Sep 08, 2010
Having connections to the settlements is really becoming a scarlet letter, isn’t it? Adalah-NY reports that the international humantarian organization CARE USA has dropped a member of its board of directors over their relationship to Lev Leviev’s Africa Israel which builds homes in West Bank settlements.
From the Adalah-NY press release:
A member of the board of directors of the leading international humanitarian aid organization CARE USA has taken a voluntary leave of absence from CARE’s board due to the involvement of his employer, Africa Israel, in Israeli settlement activities. The move last week came after a July 12 letter to the Atlanta-based non-profit by the rights group Adalah-NY: The New York Campaign for the Boycott of Israel that outlined Africa Israel’s settlement ties, followed by letters from Jews Say No, Jewish Voice for Peace (JVP) andCODEPINK, and meetings and discussions between representatives from CARE and Adalah-NY and JVP.
Riham Barghouti from Adalah-NY explained, “We thank CARE USA for acting swiftly to appropriately address this issue once it was brought to their attention. Representatives from CARE USA told us that they have approved the Board member’s request for an indefinite leave of absence while he remains in any way affiliated with Africa Israel. While on leave, we have been assured that the member in question will not attend or vote at Board meetings, receive Board information, or play any other role on the CARE USA Board.” . . .
Aaron Levitt from Adalah-NY said, “CARE’s response upheld the organization’s reputation for integrity, and was consistent with its more than 60 years of principled service to individuals and families in many of the poorest communities in Palestine and worldwide. It is our understanding that the Board member in question had no knowledge of Africa Israel’s involvement with settlement construction prior to Adalah-NY’s letter. The board member was already serving on the CARE USA Board when he established his connection with Africa Israel. We accept CARE USA’s assurance that the organization would never knowingly appoint a person associated with Israeli settlements to the CARE board.”
A quick internet search of the CARE USA website would seem to indicate that the board member in question is Richard A. Marin, the Executive Chairman and CEO of Africa Israel Investments USA. Although he isn’t currently listed on their website, he does appear in this cached version.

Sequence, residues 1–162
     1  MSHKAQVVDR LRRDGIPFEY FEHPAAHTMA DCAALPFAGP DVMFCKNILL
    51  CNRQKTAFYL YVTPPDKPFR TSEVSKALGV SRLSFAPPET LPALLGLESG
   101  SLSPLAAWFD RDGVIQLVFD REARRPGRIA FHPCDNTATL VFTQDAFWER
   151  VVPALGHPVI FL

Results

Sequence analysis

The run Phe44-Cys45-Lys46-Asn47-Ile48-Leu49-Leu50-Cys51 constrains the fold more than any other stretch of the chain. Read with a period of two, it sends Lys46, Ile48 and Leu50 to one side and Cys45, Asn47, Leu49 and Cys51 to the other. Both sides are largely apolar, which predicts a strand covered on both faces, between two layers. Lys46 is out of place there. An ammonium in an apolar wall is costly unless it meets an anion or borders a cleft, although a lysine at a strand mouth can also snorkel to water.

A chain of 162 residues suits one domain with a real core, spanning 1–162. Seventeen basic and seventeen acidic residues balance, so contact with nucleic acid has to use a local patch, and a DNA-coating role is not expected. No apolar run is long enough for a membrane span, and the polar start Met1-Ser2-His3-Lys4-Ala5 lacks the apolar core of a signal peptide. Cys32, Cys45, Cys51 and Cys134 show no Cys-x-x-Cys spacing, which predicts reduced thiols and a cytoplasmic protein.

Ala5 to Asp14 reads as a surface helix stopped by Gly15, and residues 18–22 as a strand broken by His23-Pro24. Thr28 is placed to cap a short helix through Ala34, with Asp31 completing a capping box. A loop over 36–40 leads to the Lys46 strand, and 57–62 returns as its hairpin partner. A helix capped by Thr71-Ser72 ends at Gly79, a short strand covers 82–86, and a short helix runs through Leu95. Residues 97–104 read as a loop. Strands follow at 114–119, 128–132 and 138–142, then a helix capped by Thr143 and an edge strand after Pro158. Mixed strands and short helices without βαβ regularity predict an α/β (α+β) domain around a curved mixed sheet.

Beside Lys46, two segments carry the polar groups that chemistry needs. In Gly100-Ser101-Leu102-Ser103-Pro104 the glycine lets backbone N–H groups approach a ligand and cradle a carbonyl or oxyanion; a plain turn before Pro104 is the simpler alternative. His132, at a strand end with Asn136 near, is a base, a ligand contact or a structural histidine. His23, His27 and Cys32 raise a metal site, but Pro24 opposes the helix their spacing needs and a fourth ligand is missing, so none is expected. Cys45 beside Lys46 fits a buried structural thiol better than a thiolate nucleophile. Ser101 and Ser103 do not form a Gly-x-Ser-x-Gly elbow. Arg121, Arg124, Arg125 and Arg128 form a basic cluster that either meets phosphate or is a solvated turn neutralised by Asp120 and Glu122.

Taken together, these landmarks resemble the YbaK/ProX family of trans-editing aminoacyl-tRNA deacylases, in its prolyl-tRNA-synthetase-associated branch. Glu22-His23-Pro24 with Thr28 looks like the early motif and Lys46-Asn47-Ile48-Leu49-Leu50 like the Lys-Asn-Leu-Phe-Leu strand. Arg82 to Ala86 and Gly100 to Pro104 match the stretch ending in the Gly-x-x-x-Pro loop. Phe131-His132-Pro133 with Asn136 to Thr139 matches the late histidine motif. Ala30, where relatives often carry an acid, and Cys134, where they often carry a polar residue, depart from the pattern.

This campaign follows similar efforts by Adalah-NY to isolate Leviev for his settlement construction activities. In the past they have been successful in getting Oxfam, UNICEF and other charitable causes to distance themselves from Leviev over Africa Israel.
Here’s more from Adalah-NY on Africa Israel’s role in the settlements:
From 2000 -2008, Danya Cebus, the construction subsidiary of Africa Israel, built homes in the settlements of Har Homa, Maale Adumim (two different projects), Adam, and Mattityahu East on the land of the West Bank village of Bil’in. According to Who Profits, a project of Israel’s Coalition of Women for Peace, Africa Israel owns a percentage of the Alon Group, which has facilities and supermarkets in a number of Israeli settlements through the company Blue Square. In late December, 2009, Africa Israel sold Anglo-Saxon Real Estate, a company that sold settlement homes. Another Leviev-owned company, Leader Management and Development, owns and operates the expanding settlement of Zufim, built on the land of the West Bank village of Jayyous. Leviev has also been a donor to the Israeli groups the Land Redemption Fund and the Bukharan Community Trust, both of which have been involved in expanding Israeli settlements.
Update: Here is an official statement from CARE USA on the issue:
Rich Marin is voluntarily taking a leave of absence from his position on the CARE USA board of directors.
Mr. Marin has been a long-time supporter of CARE, playing key roles in the former CARE Corporate Council and in several fundraising efforts. After joining the CARE board in 2008, Mr. Marin was hired as the CEO of Africa Israel Investments USA (AFI USA), a real estate investment company that invests in the United States and Panama. The parent company of AFI USA is Africa Israel Investments Ltd.